• Competitive Advantage – What features do your competitions’ mobile applications provide? You can almost certainly bet that if your competition provides these features, your customers will expect similar features in your applications as well. Beyond these core features, what other features can you provide to set your applications and services apart from those of your competitors?
  • Go-to-Market Tactics – How will you launch your application? What tools will you use, which platforms and devices will you target? Can you take an agile approach and launch an application quickly (i.e., get something out on the app store or your mobile-optimized website) and do quick iterations? Or do the needs of your target customer/audience require you to have a fuller-fledged, feature-rich application from the outset? And once your application is on the market, how do you plan on driving sales? What marketing campaigns are vital and necessary to the success of the application?
  • Organizational Readiness – Is your company in a position to deliver mobile solutions? Does your company have the capacity in-house to develop and manage/support mobile-optimized web sites and/or mobile applications or will you have to establish a partnership with companies that are ready to do so? Do you have the appropriate infrastructure to support these applications or do you need to leverage cloud solution providers?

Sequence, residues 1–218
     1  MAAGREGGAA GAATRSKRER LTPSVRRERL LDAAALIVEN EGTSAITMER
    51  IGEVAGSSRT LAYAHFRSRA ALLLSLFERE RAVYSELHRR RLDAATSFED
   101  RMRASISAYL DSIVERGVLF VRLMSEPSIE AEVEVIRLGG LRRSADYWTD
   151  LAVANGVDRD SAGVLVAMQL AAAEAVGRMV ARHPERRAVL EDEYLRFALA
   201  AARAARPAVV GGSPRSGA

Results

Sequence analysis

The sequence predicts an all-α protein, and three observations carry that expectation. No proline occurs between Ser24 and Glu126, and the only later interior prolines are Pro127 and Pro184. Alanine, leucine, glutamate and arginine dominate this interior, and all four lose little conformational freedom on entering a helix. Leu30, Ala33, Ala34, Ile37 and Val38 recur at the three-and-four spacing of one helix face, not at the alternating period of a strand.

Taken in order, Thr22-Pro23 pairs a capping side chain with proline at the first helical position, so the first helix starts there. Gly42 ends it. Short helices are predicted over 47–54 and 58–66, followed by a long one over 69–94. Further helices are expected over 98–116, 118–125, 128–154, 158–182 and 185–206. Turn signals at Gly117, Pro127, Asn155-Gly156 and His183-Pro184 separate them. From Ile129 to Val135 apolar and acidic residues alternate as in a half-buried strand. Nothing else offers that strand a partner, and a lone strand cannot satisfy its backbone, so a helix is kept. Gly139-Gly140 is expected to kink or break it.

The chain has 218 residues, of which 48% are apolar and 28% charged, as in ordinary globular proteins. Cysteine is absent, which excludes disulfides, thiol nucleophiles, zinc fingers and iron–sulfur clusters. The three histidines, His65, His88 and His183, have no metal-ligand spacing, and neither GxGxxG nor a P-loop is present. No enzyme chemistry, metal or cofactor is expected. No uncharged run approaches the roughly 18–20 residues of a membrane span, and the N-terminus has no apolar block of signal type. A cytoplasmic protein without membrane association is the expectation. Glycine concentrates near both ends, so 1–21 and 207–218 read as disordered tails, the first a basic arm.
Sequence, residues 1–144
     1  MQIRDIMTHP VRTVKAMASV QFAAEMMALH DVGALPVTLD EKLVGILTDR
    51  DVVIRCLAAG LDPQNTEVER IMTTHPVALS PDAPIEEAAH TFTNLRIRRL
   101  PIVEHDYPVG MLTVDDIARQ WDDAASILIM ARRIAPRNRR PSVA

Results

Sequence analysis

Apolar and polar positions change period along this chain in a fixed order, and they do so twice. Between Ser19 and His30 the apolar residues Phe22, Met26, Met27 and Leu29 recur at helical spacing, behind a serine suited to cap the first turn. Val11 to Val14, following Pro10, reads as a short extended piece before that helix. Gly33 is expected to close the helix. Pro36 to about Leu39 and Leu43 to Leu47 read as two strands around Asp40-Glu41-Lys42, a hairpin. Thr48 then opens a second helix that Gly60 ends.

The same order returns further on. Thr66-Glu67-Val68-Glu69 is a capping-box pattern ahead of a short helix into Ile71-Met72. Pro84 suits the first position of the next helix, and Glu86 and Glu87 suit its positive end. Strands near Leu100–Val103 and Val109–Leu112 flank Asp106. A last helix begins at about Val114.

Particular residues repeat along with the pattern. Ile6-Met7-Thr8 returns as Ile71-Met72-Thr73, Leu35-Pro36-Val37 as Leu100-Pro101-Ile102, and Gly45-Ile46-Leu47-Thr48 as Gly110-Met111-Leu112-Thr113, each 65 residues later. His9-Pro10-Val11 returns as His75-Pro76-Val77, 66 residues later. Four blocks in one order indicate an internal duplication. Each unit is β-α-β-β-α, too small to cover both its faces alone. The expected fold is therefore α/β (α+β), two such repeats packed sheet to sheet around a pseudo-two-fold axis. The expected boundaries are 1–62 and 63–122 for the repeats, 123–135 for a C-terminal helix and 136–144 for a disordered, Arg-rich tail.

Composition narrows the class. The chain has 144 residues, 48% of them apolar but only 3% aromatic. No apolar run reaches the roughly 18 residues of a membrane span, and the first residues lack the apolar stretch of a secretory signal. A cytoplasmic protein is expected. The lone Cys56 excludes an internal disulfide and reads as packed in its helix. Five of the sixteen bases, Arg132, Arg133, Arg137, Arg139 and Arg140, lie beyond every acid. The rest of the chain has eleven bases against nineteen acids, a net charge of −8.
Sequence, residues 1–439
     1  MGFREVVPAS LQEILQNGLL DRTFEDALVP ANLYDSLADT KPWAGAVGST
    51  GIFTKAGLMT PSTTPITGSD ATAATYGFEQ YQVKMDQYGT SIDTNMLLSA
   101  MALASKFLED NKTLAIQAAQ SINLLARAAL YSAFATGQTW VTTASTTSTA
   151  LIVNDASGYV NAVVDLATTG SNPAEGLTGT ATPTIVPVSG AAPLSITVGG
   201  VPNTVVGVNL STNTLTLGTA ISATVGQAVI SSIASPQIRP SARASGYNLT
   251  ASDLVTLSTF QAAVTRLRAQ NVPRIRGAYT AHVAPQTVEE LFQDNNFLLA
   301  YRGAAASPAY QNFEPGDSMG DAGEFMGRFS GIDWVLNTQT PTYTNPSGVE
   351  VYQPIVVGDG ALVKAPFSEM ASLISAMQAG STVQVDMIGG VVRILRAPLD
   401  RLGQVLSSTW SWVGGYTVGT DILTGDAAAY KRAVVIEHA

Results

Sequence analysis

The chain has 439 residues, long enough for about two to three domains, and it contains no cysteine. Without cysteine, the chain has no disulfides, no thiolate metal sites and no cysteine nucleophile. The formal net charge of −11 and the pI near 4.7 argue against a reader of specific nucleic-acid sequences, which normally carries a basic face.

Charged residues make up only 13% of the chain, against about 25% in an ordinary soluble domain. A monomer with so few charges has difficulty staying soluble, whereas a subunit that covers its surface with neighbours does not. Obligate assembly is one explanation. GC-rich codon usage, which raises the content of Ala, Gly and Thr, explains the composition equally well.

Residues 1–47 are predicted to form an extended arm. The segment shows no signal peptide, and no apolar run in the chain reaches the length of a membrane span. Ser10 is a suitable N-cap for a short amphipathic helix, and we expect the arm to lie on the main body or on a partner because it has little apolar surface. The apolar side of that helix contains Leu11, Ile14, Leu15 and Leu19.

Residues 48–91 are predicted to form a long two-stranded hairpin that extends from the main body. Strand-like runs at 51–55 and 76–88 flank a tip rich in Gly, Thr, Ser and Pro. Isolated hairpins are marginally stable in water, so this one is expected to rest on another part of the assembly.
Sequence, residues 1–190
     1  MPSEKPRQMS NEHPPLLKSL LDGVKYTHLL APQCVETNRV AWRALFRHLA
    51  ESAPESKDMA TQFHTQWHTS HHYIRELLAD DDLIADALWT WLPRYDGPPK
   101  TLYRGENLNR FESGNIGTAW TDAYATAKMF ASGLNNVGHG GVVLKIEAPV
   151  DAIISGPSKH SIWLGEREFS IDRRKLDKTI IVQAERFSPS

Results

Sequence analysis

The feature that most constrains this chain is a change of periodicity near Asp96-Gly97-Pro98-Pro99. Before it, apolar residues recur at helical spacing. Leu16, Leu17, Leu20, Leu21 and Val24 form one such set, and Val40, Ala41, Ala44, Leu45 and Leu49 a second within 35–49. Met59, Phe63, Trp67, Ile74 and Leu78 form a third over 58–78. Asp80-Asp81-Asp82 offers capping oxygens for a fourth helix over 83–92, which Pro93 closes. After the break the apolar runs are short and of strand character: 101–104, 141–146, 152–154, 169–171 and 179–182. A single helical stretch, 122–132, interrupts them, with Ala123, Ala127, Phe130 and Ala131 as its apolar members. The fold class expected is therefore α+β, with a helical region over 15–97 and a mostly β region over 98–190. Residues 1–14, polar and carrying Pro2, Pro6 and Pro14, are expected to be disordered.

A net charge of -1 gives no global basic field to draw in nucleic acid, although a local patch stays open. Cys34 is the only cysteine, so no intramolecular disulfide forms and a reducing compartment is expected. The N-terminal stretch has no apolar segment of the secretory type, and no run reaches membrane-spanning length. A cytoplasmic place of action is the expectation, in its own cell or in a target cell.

These factors are not meant to be an exhaustive list, but a starting point for developing a strategy for ensuring successful mobility projects4. However, addressing these factors and answering the related questions can help you establish a roadmap in delivering the appropriate mobile applications and services by your organization.

What other factors do you believe are important in ensuring successful mobile projects?

1 Can ‘location-based social network applications’ be even considered as a market?

2 By ‘high-value’, I don’t only mean to refer to customers who have spent the most money. You should also consider the social value of your customers as part of the valuation process.

3 Rhetorical question - of course they expect this. Browsing to a company’s website on my mobile device and not having it rendered optimized for mobile is one of my biggest pet-peeves. Every company should have a mobile-optimized version of their site.

4 These factors also don’t cover your enterprise mobility strategy (to be covered in a future blog post).